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Extreme Support Challenge: Day 8

Today’s big support breakthrough came through being encouraged to ask directly for what I want, and then practicing it in a safe container.

Asking directly for what I want has been an edge since I was nine, but the container felt so safe that it became easier and easier to get more specific about my exact preferences. Somehow I always equated being super specific about what I want with being a hassle, but when someone is encouraging you to share your true self with them, it’s almost an asshole move not to.

Afterward I noticed that the micro-stress I sometimes experience after social encounters wasn’t there at all, and in it’s place was a deep well of appreciation.

Is it really this easy to reverse old habits? Is the recipe as simple as find someone who’s eager to experience what you normally shut off and practice turning it back on?

There’s something about that felt sense of “I did the thing that was supposed to lead to hurt and everything went well” that seems to be more healing than any amount of exploring why the hurt or fear exists in the first place.


Extreme Support Challenge: Day 7

I experienced two hours of support nirvana today. We dove into a juicy, yet sobering IFS session, encountering a band of marginalized parts that called themselves “the unloved and abandoned.” Meeting them felt like stumbling into a cave of bastard children I’d forgotten I’d fathered.

Since quarantine started, I regularly experience suicidal ideation that voices itself through my system like a band of dissidents broadcasting on pirate radio. It’s heartbreaking, but at the same time easy enough to live with, because I have that felt sense that this voting bloc will never achieve the majority needed to pose a serious threat. But today felt like discovering the source of that radio signal, and putting faces to the voices I’d only ever heard spoken through me in somatic cries for help.

It quickly became clear that these parts were socialized to believe they were unacceptable. While other parts of me were loved and nourished—these parts were left to endure existence with little support. I learned to ignore them like the homeless, distancing myself in hopes of never ending up like them. Thinking that what they needed to do was to change to be more like the rest of us, instead of exploring the possibility that they never received the basic ingredients necessary to healthily mature and succeed in modern times.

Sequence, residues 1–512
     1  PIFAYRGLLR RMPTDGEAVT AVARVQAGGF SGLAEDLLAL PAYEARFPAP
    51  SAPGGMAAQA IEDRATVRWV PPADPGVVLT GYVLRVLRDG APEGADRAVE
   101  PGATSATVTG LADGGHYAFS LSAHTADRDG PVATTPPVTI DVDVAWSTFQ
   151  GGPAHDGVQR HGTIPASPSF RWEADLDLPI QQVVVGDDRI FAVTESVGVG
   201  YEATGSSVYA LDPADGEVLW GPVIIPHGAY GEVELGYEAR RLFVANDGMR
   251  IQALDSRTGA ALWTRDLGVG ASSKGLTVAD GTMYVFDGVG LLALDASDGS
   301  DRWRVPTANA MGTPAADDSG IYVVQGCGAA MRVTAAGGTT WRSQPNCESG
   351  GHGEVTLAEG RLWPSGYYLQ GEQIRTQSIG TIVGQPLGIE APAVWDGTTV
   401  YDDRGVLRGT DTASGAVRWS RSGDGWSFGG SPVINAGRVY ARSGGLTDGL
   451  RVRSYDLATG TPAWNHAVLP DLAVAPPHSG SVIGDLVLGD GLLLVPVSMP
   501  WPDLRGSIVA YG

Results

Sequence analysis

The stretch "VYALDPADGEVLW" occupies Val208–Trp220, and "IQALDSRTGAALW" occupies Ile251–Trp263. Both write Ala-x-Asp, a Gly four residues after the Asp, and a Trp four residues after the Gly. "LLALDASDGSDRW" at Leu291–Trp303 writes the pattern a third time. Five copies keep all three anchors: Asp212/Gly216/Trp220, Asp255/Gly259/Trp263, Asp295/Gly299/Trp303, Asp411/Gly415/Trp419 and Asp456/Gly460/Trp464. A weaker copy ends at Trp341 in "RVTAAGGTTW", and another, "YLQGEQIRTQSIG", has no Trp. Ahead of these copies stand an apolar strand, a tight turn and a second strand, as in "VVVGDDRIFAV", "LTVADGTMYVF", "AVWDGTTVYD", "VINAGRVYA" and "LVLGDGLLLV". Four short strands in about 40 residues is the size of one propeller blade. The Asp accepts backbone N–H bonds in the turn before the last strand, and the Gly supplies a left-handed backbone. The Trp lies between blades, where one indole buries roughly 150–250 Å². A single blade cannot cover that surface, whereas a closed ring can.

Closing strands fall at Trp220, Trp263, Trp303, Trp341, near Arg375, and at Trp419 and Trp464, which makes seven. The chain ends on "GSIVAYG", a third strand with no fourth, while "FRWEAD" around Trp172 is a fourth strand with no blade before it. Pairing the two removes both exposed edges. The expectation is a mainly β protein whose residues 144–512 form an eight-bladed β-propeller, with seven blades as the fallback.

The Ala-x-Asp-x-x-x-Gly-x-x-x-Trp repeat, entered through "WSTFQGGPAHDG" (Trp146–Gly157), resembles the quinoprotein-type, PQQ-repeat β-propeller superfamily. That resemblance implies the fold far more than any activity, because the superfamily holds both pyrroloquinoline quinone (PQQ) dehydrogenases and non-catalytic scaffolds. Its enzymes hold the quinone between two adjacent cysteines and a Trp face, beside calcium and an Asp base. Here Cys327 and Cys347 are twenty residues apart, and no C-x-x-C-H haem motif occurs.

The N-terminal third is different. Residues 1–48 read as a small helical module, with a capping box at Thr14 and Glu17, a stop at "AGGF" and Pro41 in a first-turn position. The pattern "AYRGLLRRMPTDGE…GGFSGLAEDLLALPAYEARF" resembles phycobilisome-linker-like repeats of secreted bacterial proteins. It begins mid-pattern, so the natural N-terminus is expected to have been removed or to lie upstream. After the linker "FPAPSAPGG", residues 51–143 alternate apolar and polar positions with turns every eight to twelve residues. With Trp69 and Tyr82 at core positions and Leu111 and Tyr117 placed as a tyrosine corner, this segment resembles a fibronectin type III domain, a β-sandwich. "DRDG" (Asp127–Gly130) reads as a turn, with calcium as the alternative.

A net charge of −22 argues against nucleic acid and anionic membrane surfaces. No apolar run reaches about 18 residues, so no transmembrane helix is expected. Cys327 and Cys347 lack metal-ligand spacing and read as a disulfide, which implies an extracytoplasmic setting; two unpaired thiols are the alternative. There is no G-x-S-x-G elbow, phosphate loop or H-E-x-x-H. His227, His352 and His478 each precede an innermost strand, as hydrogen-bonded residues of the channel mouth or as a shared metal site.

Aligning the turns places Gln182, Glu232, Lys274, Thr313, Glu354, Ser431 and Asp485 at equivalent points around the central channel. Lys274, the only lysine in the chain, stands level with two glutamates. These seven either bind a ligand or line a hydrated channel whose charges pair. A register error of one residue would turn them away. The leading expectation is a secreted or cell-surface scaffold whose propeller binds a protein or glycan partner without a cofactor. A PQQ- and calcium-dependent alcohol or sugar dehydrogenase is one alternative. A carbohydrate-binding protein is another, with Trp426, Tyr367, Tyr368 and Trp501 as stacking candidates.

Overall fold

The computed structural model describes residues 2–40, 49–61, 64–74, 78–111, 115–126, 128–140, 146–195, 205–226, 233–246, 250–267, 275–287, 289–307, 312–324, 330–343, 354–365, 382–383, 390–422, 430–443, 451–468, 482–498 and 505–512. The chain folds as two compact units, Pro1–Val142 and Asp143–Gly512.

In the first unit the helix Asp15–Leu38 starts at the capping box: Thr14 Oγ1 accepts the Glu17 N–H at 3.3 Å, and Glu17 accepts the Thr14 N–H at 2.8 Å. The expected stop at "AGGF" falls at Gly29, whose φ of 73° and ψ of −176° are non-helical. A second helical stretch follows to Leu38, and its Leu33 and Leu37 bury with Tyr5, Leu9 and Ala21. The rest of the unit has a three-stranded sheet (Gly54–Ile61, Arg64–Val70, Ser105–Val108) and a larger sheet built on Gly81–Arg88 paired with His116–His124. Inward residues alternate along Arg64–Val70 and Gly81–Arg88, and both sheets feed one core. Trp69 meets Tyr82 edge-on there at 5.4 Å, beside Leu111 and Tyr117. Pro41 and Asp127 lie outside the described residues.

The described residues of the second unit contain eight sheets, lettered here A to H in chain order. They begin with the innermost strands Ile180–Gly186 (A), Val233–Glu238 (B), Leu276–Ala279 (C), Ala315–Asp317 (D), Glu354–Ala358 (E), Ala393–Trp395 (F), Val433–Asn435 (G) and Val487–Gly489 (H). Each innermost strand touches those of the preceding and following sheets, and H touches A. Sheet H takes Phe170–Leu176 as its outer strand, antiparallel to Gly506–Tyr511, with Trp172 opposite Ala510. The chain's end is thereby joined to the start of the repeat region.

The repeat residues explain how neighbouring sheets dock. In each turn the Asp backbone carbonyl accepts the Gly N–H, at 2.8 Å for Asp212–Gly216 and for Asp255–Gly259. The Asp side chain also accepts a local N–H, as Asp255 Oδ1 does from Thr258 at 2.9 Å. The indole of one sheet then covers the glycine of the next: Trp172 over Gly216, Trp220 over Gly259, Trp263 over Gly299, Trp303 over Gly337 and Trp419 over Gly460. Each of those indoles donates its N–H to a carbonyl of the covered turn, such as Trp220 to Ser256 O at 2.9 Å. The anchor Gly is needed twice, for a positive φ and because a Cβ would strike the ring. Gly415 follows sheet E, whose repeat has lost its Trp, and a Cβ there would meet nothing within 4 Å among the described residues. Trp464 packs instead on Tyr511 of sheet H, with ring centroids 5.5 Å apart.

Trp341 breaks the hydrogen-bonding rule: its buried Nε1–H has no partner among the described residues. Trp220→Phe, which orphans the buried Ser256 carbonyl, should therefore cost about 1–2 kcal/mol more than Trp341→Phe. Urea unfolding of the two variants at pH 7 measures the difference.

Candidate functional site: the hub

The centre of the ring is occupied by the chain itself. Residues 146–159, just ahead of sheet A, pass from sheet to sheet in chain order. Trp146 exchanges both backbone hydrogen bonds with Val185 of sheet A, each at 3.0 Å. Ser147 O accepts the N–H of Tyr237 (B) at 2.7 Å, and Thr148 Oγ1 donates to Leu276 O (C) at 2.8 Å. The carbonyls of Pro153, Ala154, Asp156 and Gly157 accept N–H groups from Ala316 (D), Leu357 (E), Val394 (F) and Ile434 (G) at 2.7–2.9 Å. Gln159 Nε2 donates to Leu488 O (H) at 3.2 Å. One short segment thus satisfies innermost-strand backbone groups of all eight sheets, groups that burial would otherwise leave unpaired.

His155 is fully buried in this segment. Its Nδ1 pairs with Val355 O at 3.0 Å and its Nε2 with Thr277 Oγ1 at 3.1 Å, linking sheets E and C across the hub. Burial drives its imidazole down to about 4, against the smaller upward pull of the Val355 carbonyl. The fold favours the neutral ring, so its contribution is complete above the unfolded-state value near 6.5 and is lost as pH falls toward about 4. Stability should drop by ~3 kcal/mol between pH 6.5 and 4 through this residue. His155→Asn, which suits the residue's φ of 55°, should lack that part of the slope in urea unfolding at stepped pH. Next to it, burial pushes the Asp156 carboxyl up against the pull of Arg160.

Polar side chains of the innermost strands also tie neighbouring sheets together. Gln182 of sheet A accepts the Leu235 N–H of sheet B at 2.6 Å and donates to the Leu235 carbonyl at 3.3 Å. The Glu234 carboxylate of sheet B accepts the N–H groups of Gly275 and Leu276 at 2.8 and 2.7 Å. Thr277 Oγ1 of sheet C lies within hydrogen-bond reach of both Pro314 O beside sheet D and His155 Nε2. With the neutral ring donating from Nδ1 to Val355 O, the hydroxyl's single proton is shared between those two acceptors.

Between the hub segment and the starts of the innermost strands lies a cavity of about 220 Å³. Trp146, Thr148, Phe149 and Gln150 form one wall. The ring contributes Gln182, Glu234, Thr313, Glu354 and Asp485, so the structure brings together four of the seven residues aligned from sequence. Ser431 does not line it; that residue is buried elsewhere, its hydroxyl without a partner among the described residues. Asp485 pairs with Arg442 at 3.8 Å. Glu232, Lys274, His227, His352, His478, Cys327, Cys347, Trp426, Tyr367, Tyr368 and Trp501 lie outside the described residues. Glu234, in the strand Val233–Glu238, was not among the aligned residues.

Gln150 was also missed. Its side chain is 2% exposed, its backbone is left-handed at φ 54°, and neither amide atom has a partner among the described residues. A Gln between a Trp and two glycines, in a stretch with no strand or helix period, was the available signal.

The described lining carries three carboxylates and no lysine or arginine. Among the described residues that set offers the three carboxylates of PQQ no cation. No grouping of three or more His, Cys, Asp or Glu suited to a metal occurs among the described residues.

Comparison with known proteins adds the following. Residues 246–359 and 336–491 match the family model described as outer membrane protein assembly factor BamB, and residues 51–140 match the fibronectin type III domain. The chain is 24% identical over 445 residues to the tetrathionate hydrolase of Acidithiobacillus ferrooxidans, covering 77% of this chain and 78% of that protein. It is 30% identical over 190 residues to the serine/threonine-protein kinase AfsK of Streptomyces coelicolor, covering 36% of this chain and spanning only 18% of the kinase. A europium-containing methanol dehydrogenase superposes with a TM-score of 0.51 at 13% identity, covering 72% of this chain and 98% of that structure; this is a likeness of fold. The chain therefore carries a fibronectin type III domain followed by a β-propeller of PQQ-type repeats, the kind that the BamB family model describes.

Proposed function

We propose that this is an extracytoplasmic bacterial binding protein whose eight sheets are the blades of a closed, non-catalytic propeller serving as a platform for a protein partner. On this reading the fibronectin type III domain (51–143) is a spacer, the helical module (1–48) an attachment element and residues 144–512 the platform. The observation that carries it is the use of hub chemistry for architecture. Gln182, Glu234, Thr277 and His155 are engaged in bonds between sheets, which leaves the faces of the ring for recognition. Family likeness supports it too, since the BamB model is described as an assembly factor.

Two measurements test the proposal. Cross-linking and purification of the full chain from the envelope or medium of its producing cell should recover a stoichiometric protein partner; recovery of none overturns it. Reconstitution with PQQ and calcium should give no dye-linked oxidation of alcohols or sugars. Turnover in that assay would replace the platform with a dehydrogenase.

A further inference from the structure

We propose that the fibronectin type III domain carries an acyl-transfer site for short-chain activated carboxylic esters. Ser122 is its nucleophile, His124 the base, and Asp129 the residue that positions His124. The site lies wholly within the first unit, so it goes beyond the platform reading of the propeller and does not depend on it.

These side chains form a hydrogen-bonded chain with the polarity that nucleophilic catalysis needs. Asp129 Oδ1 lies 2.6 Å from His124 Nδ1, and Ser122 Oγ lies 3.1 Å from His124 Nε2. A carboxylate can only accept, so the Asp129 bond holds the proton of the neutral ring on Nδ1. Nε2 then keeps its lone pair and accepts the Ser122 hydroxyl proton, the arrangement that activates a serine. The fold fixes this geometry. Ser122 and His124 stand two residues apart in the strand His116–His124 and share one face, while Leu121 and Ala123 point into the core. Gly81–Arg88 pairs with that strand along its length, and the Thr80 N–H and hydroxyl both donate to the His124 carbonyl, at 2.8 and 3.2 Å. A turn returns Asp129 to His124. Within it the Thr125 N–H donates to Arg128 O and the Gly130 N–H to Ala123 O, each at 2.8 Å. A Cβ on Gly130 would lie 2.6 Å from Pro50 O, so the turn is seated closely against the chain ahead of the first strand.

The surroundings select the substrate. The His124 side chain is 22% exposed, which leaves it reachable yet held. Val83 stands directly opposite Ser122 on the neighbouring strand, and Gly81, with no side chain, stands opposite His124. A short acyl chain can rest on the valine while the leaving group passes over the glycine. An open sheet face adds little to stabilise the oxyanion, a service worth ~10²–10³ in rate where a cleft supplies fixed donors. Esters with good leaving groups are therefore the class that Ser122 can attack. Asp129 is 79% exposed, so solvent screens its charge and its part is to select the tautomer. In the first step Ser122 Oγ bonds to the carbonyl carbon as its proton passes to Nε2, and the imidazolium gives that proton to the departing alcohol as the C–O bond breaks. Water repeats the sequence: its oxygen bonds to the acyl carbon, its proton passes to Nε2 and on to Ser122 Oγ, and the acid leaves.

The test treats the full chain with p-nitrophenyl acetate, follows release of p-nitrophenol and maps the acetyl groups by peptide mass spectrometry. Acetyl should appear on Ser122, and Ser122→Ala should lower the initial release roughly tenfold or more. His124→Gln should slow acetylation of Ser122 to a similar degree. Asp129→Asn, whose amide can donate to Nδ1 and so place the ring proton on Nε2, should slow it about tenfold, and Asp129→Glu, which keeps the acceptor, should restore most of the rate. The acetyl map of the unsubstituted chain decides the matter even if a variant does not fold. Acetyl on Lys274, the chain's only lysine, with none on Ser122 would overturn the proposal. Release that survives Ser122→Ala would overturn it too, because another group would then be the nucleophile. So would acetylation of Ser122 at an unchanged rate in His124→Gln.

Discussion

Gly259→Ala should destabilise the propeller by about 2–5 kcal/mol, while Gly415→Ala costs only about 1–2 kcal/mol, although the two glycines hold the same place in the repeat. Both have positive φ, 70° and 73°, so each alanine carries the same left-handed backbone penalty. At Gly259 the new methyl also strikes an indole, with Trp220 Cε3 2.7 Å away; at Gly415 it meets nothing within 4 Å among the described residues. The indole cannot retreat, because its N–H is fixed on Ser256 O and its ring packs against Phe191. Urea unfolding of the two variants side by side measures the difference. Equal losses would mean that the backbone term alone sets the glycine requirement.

While it’s a sad history that got these parts and me to where we are today, the experience of connecting and reconciling with these parts was quite beautiful. My support buddy teared up as I realized that my mission to create a world where anyone can make a living just by being themselves, felt strikingly similar to the creative potential these parts held for me. “They’re my mission,” I uttered. The work I was looking to do in the world was now presenting itself within me.

Reintegration will likely be a month long multi-session process; but I’m excited to dive deep and bring my full potential online, as I reclaim all the parts of me cast away by a society that wasn’t equipped to embrace the fullness of who I am.


Extreme Support Challenge: Day 6

Something strange happens when you receive something that feels so foreign you didn’t even remember you wanted it. It questions who you’ve come to know yourself to be.

Sunday, about an hour before my partner was going to leave after a wonderful weekend together, I asked her to just let me hold her. I wanted to soak her up like a hot shower in the dead of winter. Instead of controlling my behavior to avoid looking clingy, I let myself indulge in my desire to be as close to her as possible.

I’m so used to that behavior driving partners away, that it was almost confusing that she welcomed me in a way that suggested she’d hold me until my heart’s content. “What’s happening?” I thought. “Why isn’t she pushing me away or growing impatient?” In the aftermath I found myself questioning long-held conclusions: “Maybe there’s nothing wrong with what I want, maybe it just wasn’t right for everyone.”

Today I had a similarly surprising moment in a completely different arena. I shared a very vulnerable project with some close friends, and got feedback from a friend of a friend that I’d never met before. I felt very touched by the feedback, and was absolutely flabbergasted by the response it generated inside me. Here’s what I replied to him: